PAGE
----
Every company wants it. Very few achieve it.
Companies are investing lots of money and time creating content marketing – blog posts, video content marketing, and then promoting it all on social media. But can we really measure whether or not we’re getting any return on this marketing investment?
The answer is – sort of.
Almost every small and mid-size company uses Google Analytics (GA) to measure their online marketing efforts. The main inadequacy of GA is that it stops measuring cookies after 30 days. So if your product or service is what is known as a considered purchase, good luck on getting accurate measurement. We have a client whose consumer-targeted product costs over $5,000. Medicare covers the cost for most users, but the added complexity means prospects spend a lot of time pondering. Many of them wait past the 30-day washout period and we can’t track them from first contact to final sale.
One of our favorite clients found a way around this. They installed software called Mix Panel. It keeps tracking cookies, even if it takes years.
But there’s still a problem.
Not everyone likes cookies
I’m a huge fan of cookies, especially the chocolate chip variety. Then there’s the less tasty variety. I clear my cache multiple times a day. It’s a habit. But when we’re tracking visitors through a considered purchase process over a long period of time, we really don’t know how many people in the world are sophisticated enough to “clear” their cookies.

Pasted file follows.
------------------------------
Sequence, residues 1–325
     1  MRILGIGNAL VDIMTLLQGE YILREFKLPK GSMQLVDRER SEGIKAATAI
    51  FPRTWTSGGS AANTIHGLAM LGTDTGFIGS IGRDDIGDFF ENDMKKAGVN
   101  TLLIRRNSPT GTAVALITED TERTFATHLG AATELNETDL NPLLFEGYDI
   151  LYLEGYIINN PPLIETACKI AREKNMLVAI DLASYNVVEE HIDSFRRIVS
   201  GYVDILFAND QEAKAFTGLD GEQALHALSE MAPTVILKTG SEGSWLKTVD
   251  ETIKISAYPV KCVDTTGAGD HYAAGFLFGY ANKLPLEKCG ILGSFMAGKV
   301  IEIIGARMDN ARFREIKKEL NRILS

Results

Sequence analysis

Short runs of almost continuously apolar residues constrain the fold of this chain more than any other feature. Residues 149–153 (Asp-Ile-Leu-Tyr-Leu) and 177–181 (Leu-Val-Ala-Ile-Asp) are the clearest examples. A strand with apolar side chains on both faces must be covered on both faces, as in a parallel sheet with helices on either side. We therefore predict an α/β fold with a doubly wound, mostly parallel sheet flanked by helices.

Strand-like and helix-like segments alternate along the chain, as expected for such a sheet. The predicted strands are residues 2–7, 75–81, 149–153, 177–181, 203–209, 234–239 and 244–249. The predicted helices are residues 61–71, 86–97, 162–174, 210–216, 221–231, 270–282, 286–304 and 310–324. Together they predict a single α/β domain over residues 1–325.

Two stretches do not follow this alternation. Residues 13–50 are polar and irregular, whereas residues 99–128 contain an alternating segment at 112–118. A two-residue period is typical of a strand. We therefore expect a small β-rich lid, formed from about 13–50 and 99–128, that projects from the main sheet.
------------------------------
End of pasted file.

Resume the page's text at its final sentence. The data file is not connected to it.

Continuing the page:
This introduces uncertainty into the measurement process. It’s difficult to explain uncertainty to your upper management. They think you’re dealing with digital absolutes: completely provable analytics. Telling them that there is no such thing scares them.
Facebook is fuzzy
Want to have some fun? Study your website traffic from Facebook. It’s one of our favorites for this exercise.
- Log into your corporate Facebook account. See how much traffic they say your recent campaign sent over to a particular landing page on your website.
- Log into Google Analytics. Go to your referral traffic and see how much traffic Facebook sent over to that same landing page we’re investigating.
If those two numbers match, I’ll buy your entire marketing department lunch.
But it gets much worse.
Google Analytics and Google Adwords don’t agree
Even different divisions of the same company don’t report the same numbers. We manage Adwords campaigns for several clients. It’s incredibly frustrating that Adwords and Analytics numbers don’t match up. How hard could it be? We’re talking about paying per visit. Google takes our money on each Adwords click, yet Google Analytics doesn’t quite agree.
Does anything give you accurate referral measurement?
We like Bit.ly for this. We have a technology company for whom we use over 20 different bit.ly addresses, one for everything from Tweets, to Facebook posts, to email blasts. We feel like they are an unbiased intermediary. Problem is, you can’t build UTM codes into such links.
Getting comfortable with uncertainty in content marketing measurement
Give up looking for precision and begin to watch the ebbs and flows of your content marketing. Take YouTube for instance. Do you only look at the number of views on your videos? Then you are failing to understand how your prospects interact with your videos. Dig into your YouTube account. Study the average amount of time your prospects spend on your videos. Now you can gain real insight.
Don’t beat up your social media measurement. Social media use in content marketing is complex. Stop demanding return on investment from every tweet and every Facebook posting. Look at the wider role of social media in your overall marketing efforts. In digital marketing, social media’s role is brand building.
Want to get real ROI? Employ a landing page strategy and measure form completions by “thank you” page visits. You will have all the precision you need.